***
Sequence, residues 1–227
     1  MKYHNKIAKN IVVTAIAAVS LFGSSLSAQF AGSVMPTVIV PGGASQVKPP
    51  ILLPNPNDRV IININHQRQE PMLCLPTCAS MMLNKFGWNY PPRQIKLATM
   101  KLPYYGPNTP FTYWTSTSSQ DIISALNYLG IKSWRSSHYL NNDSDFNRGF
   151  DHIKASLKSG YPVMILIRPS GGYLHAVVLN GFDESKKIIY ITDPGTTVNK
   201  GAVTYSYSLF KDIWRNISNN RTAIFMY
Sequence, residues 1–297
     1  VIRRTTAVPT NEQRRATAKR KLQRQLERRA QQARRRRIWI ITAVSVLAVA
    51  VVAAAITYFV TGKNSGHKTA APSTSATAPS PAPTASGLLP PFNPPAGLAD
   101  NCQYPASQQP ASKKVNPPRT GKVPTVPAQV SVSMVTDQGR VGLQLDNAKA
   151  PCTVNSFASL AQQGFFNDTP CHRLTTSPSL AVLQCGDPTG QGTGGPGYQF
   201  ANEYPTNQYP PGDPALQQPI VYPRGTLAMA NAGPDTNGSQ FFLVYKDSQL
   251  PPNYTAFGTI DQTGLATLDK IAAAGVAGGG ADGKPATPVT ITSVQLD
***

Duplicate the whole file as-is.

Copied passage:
Sequence, residues 1–227
     1  MKYHNKIAKN IVVTAIAAVS LFGSSLSAQF AGSVMPTVIV PGGASQVKPP
    51  ILLPNPNDRV IININHQRQE PMLCLPTCAS MMLNKFGWNY PPRQIKLATM
   101  KLPYYGPNTP FTYWTSTSSQ DIISALNYLG IKSWRSSHYL NNDSDFNRGF
   151  DHIKASLKSG YPVMILIRPS GGYLHAVVLN GFDESKKIIY ITDPGTTVNK
   201  GAVTYSYSLF KDIWRNISNN RTAIFMY
Sequence, residues 1–297
     1  VIRRTTAVPT NEQRRATAKR KLQRQLERRA QQARRRRIWI ITAVSVLAVA
    51  VVAAAITYFV TGKNSGHKTA APSTSATAPS PAPTASGLLP PFNPPAGLAD
   101  NCQYPASQQP ASKKVNPPRT GKVPTVPAQV SVSMVTDQGR VGLQLDNAKA
   151  PCTVNSFASL AQQGFFNDTP CHRLTTSPSL AVLQCGDPTG QGTGGPGYQF
   201  ANEYPTNQYP PGDPALQQPI VYPRGTLAMA NAGPDTNGSQ FFLVYKDSQL
   251  PPNYTAFGTI DQTGLATLDK IAAAGVAGGG ADGKPATPVT ITSVQLD